A Taiwanese company that assembles some Apple devices said on Tuesday it is investigating claims of labour abuses by a US rights group.
New York-based China Labour Watch said in a report that Pegatron was guilty of safety and environmental violations, and living conditions for workers at its factories in China were poor.
Pegatron pledged an in-depth probe.
“We believe our employees are the core of the company. Therefore, we’ve been seriously looking at all labour-related issues and will conduct a thorough investigation,” CEO Jason Cheng said in a statement.
Cheng said Pegatron would make immediate improvements if the investigation found any irregularities that violate China’s labour law and the company’s code of conduct.
“We’ve also been checking related issues so as to ensure that our own standards and those of clients are met,” his statement said.
The US rights groups said three Pegatron plants in China impose excessive overtime and employ minors. It also cited crowded dormitories, insufficient fire escape routes and arbitrary fines for perceived minor lapses of behaviour.
Apple has also said it will investigate the claims. It said in a statement it was “committed to providing safe and fair working conditions throughout our supply chain”.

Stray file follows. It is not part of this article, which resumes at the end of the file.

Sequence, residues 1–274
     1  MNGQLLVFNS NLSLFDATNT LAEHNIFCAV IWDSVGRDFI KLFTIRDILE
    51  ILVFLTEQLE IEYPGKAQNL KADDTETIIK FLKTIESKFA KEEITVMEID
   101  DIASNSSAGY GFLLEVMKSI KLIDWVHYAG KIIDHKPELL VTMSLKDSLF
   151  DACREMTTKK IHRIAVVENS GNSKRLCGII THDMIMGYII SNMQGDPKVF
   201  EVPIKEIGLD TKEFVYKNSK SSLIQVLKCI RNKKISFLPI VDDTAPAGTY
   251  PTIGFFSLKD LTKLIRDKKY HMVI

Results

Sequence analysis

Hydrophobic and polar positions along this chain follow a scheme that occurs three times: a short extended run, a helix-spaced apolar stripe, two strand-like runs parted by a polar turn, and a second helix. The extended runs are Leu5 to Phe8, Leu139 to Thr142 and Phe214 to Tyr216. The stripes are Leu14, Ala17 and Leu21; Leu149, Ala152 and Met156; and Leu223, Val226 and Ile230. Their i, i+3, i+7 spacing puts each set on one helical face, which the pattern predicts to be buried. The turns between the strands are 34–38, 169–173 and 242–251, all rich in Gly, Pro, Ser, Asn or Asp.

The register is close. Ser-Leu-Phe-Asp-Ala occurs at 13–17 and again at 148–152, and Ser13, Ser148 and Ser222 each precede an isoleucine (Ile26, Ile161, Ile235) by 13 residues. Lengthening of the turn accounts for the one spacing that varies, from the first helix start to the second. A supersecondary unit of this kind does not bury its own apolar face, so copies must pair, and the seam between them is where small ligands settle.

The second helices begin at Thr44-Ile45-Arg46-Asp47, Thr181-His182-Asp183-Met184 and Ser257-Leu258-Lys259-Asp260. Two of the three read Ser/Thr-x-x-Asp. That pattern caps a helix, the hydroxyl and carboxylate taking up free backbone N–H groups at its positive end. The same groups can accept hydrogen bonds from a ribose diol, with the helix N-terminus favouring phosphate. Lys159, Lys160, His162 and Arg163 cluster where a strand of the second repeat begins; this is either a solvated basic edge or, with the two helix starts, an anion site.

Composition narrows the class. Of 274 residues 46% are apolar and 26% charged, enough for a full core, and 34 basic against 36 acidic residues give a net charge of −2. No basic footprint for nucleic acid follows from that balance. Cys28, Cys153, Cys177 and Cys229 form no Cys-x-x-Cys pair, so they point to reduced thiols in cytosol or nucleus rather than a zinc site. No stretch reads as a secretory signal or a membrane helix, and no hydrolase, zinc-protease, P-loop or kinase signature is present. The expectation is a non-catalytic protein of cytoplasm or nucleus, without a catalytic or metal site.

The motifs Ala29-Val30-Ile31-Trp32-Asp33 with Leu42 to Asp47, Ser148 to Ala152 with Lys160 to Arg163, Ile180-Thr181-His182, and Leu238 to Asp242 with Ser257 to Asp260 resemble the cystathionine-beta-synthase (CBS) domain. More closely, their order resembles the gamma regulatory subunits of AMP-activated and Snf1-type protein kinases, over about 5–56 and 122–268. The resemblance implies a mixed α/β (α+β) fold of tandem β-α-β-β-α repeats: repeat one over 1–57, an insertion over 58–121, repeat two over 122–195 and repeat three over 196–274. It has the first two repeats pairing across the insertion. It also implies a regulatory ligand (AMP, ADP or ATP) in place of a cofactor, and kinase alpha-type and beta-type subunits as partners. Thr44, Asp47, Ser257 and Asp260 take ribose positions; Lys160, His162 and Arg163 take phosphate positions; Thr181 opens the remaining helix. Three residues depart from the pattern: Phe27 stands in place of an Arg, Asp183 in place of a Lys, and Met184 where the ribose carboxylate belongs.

Apple said it had conducted 15 comprehensive audits at Pegatron facilities since 2007, including surprise audits within the past 18 months.
Pegatron produces consumer electronics like game consoles, television sets and computers for Sony, Toshiba and some other brand name vendors, as well as assembling products for Apple, an official of the Taiwanese company said.
It currently has around 110,000 employees, the vast majority of them in the Chinese cities of Shanghai, Suzhou and Chongqing.
Dow Jones Newswires said that since last year, Apple has been shifting orders from another Taiwanese assembler Hon Hai Precision to Pegatron for the iPad Mini and for an anticipated cheaper iPhone this year.
Hon Hai’s China unit Foxconn has come under the spotlight in recent years over worker suicides, labour unrest and the use of underage interns at its Chinese plants. It has taken steps to address concerns.
Foxconn is the world’s largest contract electronics maker and assembles products for Apple, Sony and Nokia, among others.